Love venturing to new places? Elliot does – and he has captured landscapes, objects, and people that tell the story of the trips that he has embarked on. Check out his story below.
Say hello to Elliot:
Where are you from? Where have you been?
I live outside of a town called Halstead in the English countryside.
I have lived in Brighton and Cambridge. Since I’ve been into photography, I have traveled around the U.K. a little bit to the Peak District, Lake District, Dorset, then to Scotland. Outside of the U.K., I have been to Iceland, Tenerife, Italy, France, Germany, and most recently, Washington – the state in the U.S.
What’s your favorite place in the world?
Right now, I would have to say Washington. One minute you can be strolling the streets of Seattle, and the next you can be at a trailhead in the Cascades, starting your amazing hike surrounded by pine trees, all the pine trees!
I have a photo from our walk to Franklin Falls where we stumbled upon this amazing isolated cabin. The red paint made it stick out like a sore thumb.
What’s on your “bucket list” of ideas to create?
I would love to get a shot of the Milky Way over the Alps.
How would you describe your visual style?
I’m still finding my style. I would like to think my images are honest, and I try to tell a story with the trips that I embark upon. For me, it’s not always just the picture at the summit for example, but the hike up there with the people I am with.
How do you find your inspiration?
I get inspiration from embarking upon adventures to explore new places and meeting people who share the same passion as me.
Do you get photographer’s block? If so, how do you overcome that?
I look for new places to venture out to, normally by researching on Google maps prior to setting out in the camper van. I love the feeling of discovery.
What types of photography do you do?
I mainly shoot landscape, but I have started shooting more portraits as well, the combination of the two is great. I find landscape to be my favorite at the moment, even when things often don’t go as planned – when everything does come together and you’ve got that shot you wanted, it’s so rewarding, I love it.
What was the moment you decided to become a photographer?
I have always been a perfectionist with my work as a designer, so the transition of my work ethic from design into photography was fairly smooth. After I got my first design job after university, I saved up for a new camera as my old budget DSLR had broken, and from then on, I was hooked and haven’t stopped since.
What is the strangest situation you’ve ever faced as a photographer?
Probably climbing a 100 feet tree in the dark to get my drone back – luckily, it wasn’t damaged!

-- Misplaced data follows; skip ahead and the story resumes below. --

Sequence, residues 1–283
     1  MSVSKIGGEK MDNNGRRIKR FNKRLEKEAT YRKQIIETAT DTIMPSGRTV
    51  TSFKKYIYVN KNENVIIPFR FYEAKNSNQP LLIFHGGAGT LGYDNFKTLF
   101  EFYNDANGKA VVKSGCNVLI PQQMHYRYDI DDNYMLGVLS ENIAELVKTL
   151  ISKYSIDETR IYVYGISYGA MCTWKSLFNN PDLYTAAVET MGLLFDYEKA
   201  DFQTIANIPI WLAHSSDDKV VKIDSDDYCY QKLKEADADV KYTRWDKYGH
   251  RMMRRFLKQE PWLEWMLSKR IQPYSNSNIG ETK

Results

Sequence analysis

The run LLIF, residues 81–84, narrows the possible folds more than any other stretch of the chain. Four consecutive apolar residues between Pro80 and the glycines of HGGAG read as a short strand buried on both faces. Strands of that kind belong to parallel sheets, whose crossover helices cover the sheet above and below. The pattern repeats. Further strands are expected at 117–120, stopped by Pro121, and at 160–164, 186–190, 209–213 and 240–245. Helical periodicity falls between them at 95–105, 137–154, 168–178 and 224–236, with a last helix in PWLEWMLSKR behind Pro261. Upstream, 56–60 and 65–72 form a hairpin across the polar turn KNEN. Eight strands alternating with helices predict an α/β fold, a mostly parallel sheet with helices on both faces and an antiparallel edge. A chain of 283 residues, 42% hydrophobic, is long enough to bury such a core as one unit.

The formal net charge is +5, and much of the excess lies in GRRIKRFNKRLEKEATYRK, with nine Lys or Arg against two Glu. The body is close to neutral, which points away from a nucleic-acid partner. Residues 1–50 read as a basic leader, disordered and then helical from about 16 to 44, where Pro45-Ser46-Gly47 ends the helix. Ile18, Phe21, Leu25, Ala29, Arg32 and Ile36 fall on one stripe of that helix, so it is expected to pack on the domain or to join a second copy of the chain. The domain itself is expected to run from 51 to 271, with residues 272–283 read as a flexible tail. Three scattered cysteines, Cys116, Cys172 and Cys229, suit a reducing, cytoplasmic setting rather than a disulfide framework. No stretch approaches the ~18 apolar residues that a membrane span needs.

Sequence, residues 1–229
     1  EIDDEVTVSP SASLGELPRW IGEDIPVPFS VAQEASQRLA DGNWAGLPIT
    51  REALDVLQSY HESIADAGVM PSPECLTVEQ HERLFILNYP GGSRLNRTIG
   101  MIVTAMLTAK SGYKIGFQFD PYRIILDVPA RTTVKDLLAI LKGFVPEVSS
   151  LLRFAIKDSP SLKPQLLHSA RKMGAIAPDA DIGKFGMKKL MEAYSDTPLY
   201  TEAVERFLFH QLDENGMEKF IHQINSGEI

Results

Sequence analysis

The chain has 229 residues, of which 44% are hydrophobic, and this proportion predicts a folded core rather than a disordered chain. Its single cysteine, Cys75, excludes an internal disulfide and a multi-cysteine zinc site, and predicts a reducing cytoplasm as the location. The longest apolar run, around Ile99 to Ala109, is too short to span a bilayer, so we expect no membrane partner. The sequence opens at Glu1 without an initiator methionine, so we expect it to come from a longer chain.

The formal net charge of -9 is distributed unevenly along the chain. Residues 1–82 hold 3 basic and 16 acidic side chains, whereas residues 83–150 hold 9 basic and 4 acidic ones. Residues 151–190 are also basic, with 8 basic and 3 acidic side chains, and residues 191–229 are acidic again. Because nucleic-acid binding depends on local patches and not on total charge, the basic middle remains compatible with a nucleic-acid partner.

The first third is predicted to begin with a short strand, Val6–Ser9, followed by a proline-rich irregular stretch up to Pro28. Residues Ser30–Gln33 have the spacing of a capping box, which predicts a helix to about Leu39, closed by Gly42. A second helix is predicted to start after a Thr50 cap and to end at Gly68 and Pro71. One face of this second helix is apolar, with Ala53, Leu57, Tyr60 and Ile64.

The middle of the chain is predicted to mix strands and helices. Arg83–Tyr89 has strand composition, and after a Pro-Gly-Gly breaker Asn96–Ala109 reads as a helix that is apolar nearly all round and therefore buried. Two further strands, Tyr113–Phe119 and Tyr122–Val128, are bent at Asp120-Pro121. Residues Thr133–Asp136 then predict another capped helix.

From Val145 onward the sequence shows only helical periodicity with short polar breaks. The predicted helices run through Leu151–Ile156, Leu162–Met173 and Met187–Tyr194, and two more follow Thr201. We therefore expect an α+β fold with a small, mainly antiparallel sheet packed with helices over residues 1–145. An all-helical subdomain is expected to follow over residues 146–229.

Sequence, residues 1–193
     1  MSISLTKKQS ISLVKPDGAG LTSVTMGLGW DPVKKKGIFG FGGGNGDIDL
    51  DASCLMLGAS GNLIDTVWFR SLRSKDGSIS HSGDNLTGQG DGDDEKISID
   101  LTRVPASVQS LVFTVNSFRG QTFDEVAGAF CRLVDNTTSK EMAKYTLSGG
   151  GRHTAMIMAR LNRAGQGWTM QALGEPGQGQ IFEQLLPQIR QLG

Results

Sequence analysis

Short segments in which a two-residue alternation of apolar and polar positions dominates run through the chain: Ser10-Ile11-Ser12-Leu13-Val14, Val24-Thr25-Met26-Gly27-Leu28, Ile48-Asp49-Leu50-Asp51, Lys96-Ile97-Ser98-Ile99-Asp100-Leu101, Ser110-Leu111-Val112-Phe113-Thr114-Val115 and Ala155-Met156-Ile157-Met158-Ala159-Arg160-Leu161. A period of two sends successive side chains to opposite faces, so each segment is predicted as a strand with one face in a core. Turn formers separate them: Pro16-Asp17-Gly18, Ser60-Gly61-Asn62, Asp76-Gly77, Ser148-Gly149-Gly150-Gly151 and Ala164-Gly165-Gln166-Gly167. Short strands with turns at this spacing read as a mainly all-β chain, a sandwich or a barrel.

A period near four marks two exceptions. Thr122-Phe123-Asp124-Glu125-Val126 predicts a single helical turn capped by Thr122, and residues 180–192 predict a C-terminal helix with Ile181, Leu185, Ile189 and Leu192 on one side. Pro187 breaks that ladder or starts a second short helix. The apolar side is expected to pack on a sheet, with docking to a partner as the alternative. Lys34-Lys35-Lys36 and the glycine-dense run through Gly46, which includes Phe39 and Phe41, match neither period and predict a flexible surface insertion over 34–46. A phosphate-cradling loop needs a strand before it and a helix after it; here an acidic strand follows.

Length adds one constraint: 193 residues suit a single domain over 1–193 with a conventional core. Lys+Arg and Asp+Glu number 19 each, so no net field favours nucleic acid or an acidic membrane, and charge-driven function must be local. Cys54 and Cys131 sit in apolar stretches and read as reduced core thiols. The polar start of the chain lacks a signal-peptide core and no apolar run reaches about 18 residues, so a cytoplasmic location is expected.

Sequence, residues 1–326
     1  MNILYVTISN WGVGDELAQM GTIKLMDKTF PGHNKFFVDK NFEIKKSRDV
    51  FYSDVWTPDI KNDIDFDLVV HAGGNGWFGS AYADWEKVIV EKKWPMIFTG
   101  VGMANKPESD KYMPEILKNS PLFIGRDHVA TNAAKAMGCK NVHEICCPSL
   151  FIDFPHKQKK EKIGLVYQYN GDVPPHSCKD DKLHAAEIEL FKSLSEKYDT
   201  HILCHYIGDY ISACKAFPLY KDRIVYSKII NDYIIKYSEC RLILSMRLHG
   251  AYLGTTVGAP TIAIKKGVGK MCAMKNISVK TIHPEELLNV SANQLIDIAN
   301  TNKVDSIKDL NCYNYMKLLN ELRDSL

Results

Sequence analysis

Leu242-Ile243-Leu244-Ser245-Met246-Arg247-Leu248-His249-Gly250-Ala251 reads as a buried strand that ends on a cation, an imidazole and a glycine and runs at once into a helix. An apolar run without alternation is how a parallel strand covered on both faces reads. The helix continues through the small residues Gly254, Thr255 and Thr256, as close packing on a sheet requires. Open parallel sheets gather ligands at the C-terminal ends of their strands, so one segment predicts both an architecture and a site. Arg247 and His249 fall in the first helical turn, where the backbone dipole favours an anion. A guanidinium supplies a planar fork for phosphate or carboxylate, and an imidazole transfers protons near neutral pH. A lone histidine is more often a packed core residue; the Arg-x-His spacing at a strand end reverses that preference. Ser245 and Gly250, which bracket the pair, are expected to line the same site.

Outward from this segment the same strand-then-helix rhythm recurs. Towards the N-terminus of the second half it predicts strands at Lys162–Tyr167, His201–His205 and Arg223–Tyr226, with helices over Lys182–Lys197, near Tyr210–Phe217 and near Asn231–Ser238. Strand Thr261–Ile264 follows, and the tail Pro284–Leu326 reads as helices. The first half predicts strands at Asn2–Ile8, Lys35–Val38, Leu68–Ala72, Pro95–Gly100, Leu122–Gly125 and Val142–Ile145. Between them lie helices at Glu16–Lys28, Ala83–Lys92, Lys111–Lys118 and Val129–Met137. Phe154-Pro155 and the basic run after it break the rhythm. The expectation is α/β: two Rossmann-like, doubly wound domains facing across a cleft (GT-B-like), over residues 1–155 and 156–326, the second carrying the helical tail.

What has been your biggest setback as a photographer?
Having to balance a self-start-up career and my passion, if only humans could survive on no sleep.
Of the photos you’ve taken, which three are your favorite?
What’s the best advice you can think of for someone just starting in photography?
Everyone always says this, but shoot as often as you can. Oh, and try to avoid getting caught up in the gear arms-race as alluring as a f0.9 lens can be.
What was your most memorable photoshoot?
That would be the ice caves in Iceland back when I first started taking pictures. We booked this very last minute, well, the night before, in fact. My friend Alex and I woke up at silly o’clock and set off on our 2-hour journey. We basically hit a snow storm and I could barely see the ice covered road in front of me. We finally made it only 30 minutes late. We had seen the pictures, but the feeling of euphoria from stepping into a glacier is like nothing else. The ice was a beautiful deep blue and smooth as silk, I’ll never forget this trip.
What’s your philosophy when it comes to being a great photographer?
Not really sure I know what it takes to become a great photographer, but you can’t go wrong with commitment, composition, and an understanding of light.
What do you think is the biggest thing holding you back in your photography?
Funds for those adventures.
How do you express yourself through your photography?
By photographing landscapes, objects, and people that fascinate me.
What kind of gear do you have?
I started with a Sony A7 and old manual focus Minolta lens at around £50 each. I still have the Sony A7, now with Sony lenses at 28mm, 35mm, & 50mm, and my most recent purchase, a DJI Mavic Pro.
My favorite would be the 35mm f2.8 on the A7, the setup is so compact while delivering amazing quality, I’ll keep using this for as long as possible.
What’s one lighting tip you’d like to share with other photographers?
Experiment, I know I still am.
What’s one post-processing tip you’d like to share with other photographers?
Download Lightroom, learn the tone curve and try not to over do it.
What is your most life-changing event?
Being in a job that I didn’t like which drove me to quit and pursue developing a bike light that I designed at university and through photography.
What has photography done for you as a person? How has it changed you?
Photography has 100% changed the way that I look at everything. It’s made me get up and explore, driving for hours on end to see new places and meet new people.
What’s something you’ve always wanted to do but haven’t?
Live in a different country and experience new landscapes and culture.
For anyone that wants to get in touch with Elliot, here’s some contact information:
Elliot, thank you so much for sharing your story with us!
If any artists out there want to collaborate with FStop, don’t hesitate to reach out to us. Also, remember to download the FStop app for iPhone here!